Sins of the writer: popular characters

If, as I discussed yesterday, writers can try to destroy your pleasure in reading by teaching you good writing technique, and thus get you to realize how rare it is, how can I not join in?

Here's a simple one.  You have a character who is a performer, an artist, or...a writer.  Since this is your protagonist, or a character you really like, or even, maybe, a thinly disguised version of you, this character is good at what they do (yep, singular "they".  The guys on Language Log say it's okay, and it's just too convenient).  Of course?  There are only two kinds of artists in fiction, failed and brilliant.  Sometimes both.  "Pretty good", "just okay", "occasionally interesting" are seldom used to describe the work of a character we want to be admirable.

Okay, so how do you show that this person's work is more than just pretty good?  That's right, you have them create something, and you have everyone else think it's great, and it becomes incredibly popular overnight.  Simple.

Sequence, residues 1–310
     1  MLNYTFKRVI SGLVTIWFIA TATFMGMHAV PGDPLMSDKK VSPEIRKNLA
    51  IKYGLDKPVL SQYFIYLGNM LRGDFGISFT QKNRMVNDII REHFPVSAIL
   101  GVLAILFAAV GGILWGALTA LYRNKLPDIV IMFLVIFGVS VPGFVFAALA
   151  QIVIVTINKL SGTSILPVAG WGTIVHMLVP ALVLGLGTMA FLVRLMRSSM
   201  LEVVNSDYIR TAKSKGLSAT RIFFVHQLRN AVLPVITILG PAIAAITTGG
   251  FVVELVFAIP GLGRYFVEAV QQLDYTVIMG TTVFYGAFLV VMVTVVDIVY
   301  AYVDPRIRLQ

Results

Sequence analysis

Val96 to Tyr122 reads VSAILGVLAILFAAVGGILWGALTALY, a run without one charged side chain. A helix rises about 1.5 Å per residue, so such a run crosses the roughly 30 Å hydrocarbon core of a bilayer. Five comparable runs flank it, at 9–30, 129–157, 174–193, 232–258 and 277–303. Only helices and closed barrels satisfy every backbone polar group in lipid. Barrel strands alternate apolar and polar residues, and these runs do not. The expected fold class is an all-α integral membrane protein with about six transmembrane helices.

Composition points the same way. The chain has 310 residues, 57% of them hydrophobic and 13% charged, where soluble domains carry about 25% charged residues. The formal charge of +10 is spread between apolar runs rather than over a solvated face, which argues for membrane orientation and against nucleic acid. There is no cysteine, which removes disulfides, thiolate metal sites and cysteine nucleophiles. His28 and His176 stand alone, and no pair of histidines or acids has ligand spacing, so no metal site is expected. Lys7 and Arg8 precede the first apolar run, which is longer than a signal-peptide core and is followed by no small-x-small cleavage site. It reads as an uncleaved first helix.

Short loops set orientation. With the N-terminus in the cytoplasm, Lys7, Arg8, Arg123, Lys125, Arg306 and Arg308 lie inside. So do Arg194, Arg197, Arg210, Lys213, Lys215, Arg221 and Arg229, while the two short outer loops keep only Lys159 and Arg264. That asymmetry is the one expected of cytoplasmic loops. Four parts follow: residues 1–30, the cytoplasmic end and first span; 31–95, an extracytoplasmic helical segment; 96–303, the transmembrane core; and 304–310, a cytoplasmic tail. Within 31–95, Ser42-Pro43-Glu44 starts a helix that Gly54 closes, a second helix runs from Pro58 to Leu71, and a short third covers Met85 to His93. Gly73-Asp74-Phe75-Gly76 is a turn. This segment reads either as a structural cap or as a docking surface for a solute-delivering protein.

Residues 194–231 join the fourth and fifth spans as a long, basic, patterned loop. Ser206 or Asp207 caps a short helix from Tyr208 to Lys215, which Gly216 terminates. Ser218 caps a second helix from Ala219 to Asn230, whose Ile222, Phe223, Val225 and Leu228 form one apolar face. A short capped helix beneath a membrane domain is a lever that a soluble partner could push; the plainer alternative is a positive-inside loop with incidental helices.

There might be reasons I take this personally, but this isn't the time.

With the possible exception of Emily Dickinson, we all hope to be recognized someday.  But be wary of the writer who takes the easy way out.  If a character's work has quality, it's up to the writer to convey that quality to you.  I tried to do that in Carve the Sky, by telling the story through the perception of a connoisseur.  It proves to be easier to convey the skill of a critic than that of an artist.  Go figure.